Proxy war between East and West in Serbia, President Vucic says
Serbia wants to join the European Union while keeping strong relations with its gas supplier Russia and key investor China.
The East and West are engaged in a proxy war in Serbia, President Aleksandar Vucic has said, as Belgrade seeks to maintain its ambition to join the EU while keeping its relations with Russia and China.
Vucic’s remarks on Monday come a day after protesters at a rally in Belgrade against a gay pride march waved Russian flags and carried posters of Russia’s President Vladimir Putin.
“I cannot say that it [the protest] was a proxy attack because there were many ordinary people there … But whether there is a proxy conflict in Serbia … there is one, no doubt about that, East and West,” he said.
Serbia has been a candidate to join its single-biggest trade partner and investor, the European Union, since 2012. It is militarily neutral but maintains ties with NATO and has purchased weapons from its member states.
However, the Balkan nation is almost entirely dependent on Russian gas and has also bought weapons from Russia. China is a key investor, mainly in mining and infrastructure.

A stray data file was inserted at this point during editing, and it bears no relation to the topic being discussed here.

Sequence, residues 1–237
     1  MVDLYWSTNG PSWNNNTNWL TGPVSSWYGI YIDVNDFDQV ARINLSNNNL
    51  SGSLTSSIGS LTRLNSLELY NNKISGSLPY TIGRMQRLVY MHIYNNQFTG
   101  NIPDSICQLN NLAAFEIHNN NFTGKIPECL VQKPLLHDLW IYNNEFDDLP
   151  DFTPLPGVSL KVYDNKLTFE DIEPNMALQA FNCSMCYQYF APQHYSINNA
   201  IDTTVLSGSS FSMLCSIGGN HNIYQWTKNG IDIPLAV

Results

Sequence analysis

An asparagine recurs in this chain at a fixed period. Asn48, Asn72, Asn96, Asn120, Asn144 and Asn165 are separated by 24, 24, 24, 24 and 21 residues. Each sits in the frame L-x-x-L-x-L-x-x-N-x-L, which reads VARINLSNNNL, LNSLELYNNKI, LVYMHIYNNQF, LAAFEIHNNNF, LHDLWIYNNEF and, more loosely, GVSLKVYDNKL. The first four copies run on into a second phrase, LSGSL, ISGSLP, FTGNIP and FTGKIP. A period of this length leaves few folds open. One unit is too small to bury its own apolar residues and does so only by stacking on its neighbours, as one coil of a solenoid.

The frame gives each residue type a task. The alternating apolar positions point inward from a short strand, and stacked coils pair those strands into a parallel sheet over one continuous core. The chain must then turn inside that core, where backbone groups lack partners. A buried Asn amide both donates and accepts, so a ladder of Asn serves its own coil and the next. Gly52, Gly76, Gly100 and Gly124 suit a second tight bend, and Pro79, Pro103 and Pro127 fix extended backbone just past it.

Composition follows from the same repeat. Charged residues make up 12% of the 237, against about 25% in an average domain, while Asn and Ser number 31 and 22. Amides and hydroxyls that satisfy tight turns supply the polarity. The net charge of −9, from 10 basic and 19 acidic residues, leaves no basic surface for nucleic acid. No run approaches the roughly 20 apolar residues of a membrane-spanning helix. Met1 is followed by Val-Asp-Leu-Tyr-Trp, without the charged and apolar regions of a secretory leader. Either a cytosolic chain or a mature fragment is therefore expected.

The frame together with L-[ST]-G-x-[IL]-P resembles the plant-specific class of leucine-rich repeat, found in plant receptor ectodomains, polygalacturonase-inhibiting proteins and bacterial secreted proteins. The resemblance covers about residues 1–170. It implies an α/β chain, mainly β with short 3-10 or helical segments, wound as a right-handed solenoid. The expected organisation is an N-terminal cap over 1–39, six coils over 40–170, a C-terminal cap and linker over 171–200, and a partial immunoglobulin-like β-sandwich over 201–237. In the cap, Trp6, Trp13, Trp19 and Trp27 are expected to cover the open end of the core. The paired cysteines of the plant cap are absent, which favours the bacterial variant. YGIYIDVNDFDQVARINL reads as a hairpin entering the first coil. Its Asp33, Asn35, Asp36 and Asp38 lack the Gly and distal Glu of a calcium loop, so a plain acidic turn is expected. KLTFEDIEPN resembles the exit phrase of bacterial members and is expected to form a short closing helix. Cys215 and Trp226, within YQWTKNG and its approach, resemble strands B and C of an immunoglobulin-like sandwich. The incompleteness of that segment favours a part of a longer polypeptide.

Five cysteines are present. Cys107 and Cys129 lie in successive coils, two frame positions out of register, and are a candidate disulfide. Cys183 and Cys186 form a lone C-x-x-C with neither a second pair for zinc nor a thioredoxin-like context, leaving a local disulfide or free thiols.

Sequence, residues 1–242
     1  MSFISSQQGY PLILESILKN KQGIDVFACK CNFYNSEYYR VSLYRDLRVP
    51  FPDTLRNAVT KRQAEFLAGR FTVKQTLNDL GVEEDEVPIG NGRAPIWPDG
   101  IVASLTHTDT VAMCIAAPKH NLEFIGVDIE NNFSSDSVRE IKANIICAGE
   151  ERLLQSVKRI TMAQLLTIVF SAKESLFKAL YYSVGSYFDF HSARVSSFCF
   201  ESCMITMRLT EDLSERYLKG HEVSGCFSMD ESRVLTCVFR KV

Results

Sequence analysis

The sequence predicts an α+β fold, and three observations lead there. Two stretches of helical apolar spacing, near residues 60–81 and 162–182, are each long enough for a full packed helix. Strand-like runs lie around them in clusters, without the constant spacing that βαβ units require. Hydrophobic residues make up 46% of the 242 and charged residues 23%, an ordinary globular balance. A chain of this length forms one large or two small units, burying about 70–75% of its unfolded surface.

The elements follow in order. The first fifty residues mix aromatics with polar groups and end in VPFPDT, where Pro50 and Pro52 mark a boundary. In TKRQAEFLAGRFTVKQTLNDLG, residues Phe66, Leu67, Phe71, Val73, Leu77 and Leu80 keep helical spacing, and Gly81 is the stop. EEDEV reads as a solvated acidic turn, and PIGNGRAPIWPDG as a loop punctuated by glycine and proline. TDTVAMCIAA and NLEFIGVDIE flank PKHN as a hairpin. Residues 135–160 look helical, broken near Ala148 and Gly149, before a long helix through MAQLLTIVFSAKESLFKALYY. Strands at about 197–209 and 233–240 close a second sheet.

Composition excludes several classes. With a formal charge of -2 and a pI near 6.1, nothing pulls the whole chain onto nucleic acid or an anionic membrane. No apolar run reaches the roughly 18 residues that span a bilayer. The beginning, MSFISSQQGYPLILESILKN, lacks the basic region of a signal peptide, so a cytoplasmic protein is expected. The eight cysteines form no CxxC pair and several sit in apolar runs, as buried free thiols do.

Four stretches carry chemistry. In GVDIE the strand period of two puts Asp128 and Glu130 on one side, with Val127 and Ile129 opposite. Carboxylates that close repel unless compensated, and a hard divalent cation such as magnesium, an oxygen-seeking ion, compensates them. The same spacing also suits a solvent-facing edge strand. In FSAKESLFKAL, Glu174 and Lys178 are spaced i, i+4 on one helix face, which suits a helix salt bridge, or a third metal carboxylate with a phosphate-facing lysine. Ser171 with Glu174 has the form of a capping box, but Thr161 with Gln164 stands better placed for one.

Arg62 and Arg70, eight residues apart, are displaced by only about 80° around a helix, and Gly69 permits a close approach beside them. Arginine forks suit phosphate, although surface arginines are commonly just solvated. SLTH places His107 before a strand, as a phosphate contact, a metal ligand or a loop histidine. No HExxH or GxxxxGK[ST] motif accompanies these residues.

Although Serbia condemned Russia’s invasion of Ukraine at the United Nations, it refused to join sanctions against Moscow. Beijing and Moscow support Serbia’s opposition to the independence of Kosovo, Belgrade’s former southern province, over which it fought a 1998-99 war.
“We are trying to survive … with as few wounds and scars as possible,” said Vucic, a former nationalist who later embraced pro-European policies.
Before Serbia joins the EU, it must mend ties with Kosovo, which declared its independence from Serbia in 2008.
EU-sponsored talks have been slow and often marred by tensions, the latest of which erupted this summer over the issue of car number plates and identity documents for minority Serbs, mainly living in Kosovo’s north.
Independent Kosovo is recognised by the United States and all but five EU members but not by Belgrade and other states, including Serbia’s allies Russia and China.
Although Serbia and Kosovo agreed to settle the dispute over identification documents, authorities in Pristina said local Serbs must switch their car number plates from Serbian to Kosovo ones within two months of September 1.
Vucic said he did not believe authorities in Pristina wanted “a serious conversation or a serious dialogue”, but they believed they could impose their plans with support from the West.
“I trust that those countries which are … protecting the so-called independence of Kosovo … will convince the Pristina regime not to play [with] a conflict in the region, which is certainly full of problems,” he said.
The Serbian president said more talks and shuttle diplomacy by EU and US envoys aimed at resolving the car number plates issue are expected in the coming weeks.
Last week, Serbia’s Interior Minister Aleksandar Vulin met Russian Foreign Minister Sergey Lavrov in Moscow, highlighting Belgrade’s refusal to join Western sanctions against Russia over its war in Ukraine.
Lavrov during their meeting said, “Serbia is the only state in Europe that didn’t introduce sanctions and was not part of the anti-Russian hysteria”.